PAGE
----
In the past 20-some years, we’ve learned just how important it is to put babies to sleep on their backs, a practice that has been credited with lowering the rates of SIDS. But while “Back is Best” for sleep, researchers are more and more adamant about helping babies get in some “tummy time” during waking hours.

That’s because tummy time is essential for building babies’ strength and motor skills—and even affects their handwriting years later.

The link was discovered through an informal study by Dr. Anne Zachry, chairwoman of the department of occupational therapy at the University of Tennessee Health Science Center. As she explains to The New York Times, she realized that poor handwriting was symptomatic of arm and trunk weakness. She then sent questionnaires home to the parents of children with poor handwriting and learned “the majority of these kids having fine motor and handwriting issues did not have tummy time.”

Why is tummy time important?

Zachry says it seems that tummy time sets off a positive chain of events: Babies who do tummy time are more likely to crawl rather than skipping straight to walking. By doing this, they continue to strengthen their arms and cores and have more muscular control for years to come compared with kids who did not do as much tummy time.

“In tummy time, they’re using their neck and trunk and shoulder muscles, and also their hands,” Zachry says. “They start pushing themselves up to look around, working muscles that are foundational for fine motor skills, and getting a different perceptual experience.”

Other benefits of tummy time

According to the NIH, tummy time has several more immediate benefits, including:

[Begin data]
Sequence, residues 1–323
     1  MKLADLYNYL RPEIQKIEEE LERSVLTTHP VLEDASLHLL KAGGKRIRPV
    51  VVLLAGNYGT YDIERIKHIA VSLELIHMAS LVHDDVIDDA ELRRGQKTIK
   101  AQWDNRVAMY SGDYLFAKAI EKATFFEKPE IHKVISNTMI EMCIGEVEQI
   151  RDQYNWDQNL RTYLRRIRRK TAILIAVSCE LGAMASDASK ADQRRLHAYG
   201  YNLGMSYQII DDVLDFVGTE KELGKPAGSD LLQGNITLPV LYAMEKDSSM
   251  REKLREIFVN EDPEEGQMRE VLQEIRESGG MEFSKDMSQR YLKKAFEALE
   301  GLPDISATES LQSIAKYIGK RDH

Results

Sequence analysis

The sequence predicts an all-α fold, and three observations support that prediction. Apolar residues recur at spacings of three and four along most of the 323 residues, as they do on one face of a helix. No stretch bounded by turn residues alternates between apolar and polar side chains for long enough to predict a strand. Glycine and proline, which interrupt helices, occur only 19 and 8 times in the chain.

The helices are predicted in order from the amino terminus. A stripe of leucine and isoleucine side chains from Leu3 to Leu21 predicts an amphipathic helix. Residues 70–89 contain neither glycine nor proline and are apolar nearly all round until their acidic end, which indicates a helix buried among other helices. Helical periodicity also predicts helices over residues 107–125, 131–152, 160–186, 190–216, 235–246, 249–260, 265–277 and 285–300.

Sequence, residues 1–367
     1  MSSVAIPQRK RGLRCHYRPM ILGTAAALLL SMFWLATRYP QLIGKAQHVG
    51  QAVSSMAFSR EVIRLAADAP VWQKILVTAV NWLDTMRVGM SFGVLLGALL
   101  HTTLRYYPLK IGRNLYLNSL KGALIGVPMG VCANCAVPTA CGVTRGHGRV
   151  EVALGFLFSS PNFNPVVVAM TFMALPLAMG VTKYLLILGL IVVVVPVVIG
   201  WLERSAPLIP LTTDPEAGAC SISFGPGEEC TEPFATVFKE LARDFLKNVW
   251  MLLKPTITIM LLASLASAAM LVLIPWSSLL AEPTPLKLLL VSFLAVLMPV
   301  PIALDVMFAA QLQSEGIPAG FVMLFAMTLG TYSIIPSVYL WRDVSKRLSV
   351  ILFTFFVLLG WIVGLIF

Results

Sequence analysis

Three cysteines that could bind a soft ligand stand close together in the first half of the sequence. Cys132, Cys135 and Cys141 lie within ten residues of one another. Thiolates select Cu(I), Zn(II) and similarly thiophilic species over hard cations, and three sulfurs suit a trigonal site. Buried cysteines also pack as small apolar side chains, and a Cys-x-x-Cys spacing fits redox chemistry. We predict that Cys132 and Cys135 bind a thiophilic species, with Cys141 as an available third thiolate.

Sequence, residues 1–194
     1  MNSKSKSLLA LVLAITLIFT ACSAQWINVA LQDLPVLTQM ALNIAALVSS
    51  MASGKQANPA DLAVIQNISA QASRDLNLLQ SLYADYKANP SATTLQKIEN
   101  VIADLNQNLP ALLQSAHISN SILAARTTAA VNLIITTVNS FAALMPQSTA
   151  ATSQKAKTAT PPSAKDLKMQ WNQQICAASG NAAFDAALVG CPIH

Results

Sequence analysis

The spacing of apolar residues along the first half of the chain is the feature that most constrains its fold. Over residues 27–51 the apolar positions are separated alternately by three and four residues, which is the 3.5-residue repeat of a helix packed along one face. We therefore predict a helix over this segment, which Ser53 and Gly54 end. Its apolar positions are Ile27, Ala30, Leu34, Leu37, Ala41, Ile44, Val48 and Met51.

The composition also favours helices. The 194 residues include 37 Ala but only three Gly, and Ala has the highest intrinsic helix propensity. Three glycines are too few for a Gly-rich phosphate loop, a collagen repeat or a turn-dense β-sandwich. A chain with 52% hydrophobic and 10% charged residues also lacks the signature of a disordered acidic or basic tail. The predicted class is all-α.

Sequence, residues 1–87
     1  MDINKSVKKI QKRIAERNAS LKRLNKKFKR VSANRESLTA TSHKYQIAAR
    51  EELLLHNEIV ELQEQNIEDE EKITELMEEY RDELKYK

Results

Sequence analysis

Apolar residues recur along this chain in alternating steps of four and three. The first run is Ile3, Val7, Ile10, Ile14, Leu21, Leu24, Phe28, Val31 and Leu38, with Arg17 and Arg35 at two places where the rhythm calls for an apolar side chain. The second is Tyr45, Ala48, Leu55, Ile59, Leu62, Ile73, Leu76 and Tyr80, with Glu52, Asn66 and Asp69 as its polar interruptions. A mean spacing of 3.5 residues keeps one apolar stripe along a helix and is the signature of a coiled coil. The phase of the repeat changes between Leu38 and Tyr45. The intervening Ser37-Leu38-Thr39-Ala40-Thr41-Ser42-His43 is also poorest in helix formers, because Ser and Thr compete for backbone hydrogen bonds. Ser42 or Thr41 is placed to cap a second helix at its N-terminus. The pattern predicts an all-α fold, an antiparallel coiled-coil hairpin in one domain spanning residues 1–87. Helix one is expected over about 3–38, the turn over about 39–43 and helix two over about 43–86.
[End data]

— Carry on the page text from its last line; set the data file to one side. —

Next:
• Reduces the risk of positional plagiocephaly, or flat head syndrome
  • Strengthens neck and shoulder muscles to help baby sit, crawl, and walk
  • Improves baby’s muscle coordination

When should you start tummy time?

Zachry stresses the importance of starting tummy time “as soon as you get home from the hospital.” Begin with just a few minutes on the tummy at a time before extending sessions as baby gets stronger (and less sleepy).

And if baby doesn’t seem to be on board, don’t worry. That’s common, too. “The reason I believe most infants resist it is they have poor head control and it’s hard,” she explains. “Don’t put them on a blanket on the floor and go, ‘Okay, it’s time for tummy time,’ and step away. Get down at their level with a small toy.”

By working with baby on this, you’re teaching them determination along with boosting their motor skills—both of which should be helpful when they’re in that handwriting competition a few years from now.

A version of this story was originally published on June 18, 2018. It has been updated.

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